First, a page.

Government and the National Suffrage Movement
Latter-day Saint Woman’s Suffrage Research Guide
This section contains items and collections at both the state and federal government level pertaining to suffrage in Utah. It also lists Church History Library holdings related to the national suffrage movement, which was reenergized in the late 1860s. It was sparked largely in response to the 15th amendment, which granted the vote to all citizens regardless of “race, color, or previous condition of servitude” but did not mention gender.1
Utah women played an important role in the ongoing suffrage movement, and Utah politics were central to many larger debates.
The International Council of Women was formed in 1888 in Washington, D.C., with the mission of bringing together women’s organizations from around the world to advocate for equal rights and improved living standards.2 Latter-day Saint leader Susa Young Gates was a delegate and attended meetings around the world.3
The National Council of Women, the United States branch of the International Council of Women, was also formed in 1888. Two prominent Latter-day Saint women served on the council (Susa Young Gates and Emmeline B. Wells). Many other Latter-day Saints attended conventions as delegates of the Relief Society and the Young Ladies’ Mutual Improvement Association (YLMIA).4
The National Women’s Suffrage Association was organized in 1869 as a split-off from the national suffrage movement. The National Women’s Suffrage Association opposed the 15th amendment because it did not include women’s right to vote.5
The Edmunds-Tucker Act was passed by congress in 18876 to end the practice of plural marriage. In addition to disincorporating the Church and the Perpetual Emigrating Fund Company, the act also disenfranchised Utah women,7 who had been voting since 1870.
Bills and Legislation
This collection contains the files of the Utah Territorial Legislative Assembly. Records included in the collection are minutes, communications, reports, acts, resolutions, and memorials. The collection includes the Women Suffrage Act of 1870, which states that “all women over the age of eighteen years who are citizens of the United States, and have resided six months in the Territory of Utah, shall be entitled to vote.”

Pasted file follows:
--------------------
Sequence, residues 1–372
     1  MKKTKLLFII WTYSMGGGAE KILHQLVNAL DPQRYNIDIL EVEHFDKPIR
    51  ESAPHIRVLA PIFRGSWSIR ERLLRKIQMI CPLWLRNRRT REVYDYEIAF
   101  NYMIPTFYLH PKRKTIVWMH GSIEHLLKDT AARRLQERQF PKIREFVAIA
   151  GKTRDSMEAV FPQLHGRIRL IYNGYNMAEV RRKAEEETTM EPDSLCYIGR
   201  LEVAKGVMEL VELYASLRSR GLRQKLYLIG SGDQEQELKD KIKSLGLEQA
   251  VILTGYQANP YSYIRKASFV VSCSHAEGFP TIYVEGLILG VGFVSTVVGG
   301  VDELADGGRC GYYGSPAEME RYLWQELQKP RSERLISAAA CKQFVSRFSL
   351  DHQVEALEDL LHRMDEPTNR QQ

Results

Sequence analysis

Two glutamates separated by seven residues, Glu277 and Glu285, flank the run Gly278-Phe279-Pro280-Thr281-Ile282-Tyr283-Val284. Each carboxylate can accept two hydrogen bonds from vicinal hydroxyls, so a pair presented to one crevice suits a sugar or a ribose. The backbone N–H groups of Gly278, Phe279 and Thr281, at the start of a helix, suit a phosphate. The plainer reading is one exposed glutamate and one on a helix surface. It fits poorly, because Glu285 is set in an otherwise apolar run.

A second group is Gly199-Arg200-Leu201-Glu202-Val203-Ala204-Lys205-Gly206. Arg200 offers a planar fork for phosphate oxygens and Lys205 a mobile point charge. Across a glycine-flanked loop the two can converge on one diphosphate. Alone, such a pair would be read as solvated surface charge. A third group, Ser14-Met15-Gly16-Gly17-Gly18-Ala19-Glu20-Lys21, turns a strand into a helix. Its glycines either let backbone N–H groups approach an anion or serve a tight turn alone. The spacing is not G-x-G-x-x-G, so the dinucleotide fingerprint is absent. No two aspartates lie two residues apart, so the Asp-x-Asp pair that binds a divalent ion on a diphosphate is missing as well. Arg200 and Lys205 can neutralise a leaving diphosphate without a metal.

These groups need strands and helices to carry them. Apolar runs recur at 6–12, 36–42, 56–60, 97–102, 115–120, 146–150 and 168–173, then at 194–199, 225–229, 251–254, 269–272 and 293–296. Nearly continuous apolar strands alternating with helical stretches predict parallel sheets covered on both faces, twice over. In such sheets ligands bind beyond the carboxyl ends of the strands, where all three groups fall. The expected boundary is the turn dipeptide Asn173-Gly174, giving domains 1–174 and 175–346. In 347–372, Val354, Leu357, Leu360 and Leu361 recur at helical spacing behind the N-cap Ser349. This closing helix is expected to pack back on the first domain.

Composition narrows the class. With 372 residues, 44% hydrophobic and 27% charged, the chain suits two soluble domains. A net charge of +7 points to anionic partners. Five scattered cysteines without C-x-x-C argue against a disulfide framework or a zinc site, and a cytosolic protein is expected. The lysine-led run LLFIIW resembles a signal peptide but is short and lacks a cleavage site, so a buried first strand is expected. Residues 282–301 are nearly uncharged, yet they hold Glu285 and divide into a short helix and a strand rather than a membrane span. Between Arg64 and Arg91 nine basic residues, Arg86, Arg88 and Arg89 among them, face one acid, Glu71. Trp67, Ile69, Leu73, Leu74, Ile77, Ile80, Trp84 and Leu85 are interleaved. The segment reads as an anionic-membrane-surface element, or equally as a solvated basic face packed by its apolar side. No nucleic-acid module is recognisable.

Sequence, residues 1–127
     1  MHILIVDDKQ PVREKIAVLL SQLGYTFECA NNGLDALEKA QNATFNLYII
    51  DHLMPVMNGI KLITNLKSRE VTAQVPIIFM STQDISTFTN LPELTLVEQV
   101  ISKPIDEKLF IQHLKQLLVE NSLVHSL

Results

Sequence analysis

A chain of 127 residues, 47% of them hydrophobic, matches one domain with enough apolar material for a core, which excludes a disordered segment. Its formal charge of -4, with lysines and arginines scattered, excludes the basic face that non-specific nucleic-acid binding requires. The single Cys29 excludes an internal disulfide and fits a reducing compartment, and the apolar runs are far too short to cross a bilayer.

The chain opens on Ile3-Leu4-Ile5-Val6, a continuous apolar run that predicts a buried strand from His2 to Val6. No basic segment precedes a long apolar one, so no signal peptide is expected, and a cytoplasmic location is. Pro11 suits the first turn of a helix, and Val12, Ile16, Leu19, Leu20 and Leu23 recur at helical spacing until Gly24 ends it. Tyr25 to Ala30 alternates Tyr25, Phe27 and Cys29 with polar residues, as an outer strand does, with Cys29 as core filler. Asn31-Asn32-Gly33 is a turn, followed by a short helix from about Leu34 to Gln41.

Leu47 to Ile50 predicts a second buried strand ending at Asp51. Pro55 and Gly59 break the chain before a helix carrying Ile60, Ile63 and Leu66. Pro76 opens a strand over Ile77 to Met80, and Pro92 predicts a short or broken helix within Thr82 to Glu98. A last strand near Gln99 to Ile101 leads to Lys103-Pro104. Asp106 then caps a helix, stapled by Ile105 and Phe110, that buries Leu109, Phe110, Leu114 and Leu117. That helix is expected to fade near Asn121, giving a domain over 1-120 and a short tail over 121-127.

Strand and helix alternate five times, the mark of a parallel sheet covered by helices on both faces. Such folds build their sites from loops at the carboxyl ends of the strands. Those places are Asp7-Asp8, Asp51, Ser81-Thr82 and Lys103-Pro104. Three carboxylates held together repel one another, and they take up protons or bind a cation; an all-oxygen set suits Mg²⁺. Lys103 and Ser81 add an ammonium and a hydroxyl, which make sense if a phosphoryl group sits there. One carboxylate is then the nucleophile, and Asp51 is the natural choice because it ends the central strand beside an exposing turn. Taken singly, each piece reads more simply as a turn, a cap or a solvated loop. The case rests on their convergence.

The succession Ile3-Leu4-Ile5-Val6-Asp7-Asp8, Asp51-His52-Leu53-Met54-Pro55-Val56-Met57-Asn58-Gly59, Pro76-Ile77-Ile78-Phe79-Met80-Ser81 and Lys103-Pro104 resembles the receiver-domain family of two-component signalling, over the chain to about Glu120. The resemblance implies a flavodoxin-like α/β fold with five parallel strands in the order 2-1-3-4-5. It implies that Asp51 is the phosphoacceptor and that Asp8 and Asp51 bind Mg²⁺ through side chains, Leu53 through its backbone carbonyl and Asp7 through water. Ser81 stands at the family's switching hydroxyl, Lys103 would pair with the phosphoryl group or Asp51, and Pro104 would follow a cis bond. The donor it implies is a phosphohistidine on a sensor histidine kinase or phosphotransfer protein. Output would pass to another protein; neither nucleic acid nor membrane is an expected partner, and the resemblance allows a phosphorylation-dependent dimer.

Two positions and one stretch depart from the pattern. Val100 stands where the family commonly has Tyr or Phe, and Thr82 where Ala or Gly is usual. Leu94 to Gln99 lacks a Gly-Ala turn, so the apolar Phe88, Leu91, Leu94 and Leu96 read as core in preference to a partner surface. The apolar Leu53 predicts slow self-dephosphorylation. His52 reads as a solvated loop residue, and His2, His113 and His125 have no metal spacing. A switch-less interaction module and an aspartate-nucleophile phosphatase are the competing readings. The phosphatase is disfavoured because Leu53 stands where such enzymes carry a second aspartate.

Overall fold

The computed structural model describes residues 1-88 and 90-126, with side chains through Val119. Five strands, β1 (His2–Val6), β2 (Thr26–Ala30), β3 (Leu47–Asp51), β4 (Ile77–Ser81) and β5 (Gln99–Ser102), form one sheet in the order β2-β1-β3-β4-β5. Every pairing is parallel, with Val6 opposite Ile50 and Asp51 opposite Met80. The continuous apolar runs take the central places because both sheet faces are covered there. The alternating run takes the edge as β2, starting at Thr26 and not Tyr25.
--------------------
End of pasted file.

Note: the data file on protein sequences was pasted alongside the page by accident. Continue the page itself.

This is the record of a bill introduced to the U.S. Congress in 1869 that granted the territory of Utah voting rights “without any distinction or discrimination whatever founded on sex.” The bill was proposed based on the idea that granting women suffrage would end the practice of plural marriage.
This is the record of a bill introduced to the U.S. Congress in 1882 to disapprove and repeal an act of the Utah territorial governor and legislature giving women the franchise.
This document is a statement made by Martha Hughes Cannon (and other representatives from the West) regarding suffrage in Utah before the U.S. House of Representatives Committee on the Judiciary in 1898.
This pamphlet contains the speech given by George Sutherland, representative from Utah, to Congress on February 18, 1914, in support of suffrage, drawing on the experience of those states that had already given women the franchise.
This pamphlet contains three speeches in support of women’s suffrage, given by Orson F. Whitney at the Constitutional Congress of Utah. See also Men and Women: Past, Present, and Future.
This speech was given by Franklin S. Richards at the Utah Constitutional Convention. This item is available to view on microfiche at the Church History Library in Salt Lake City.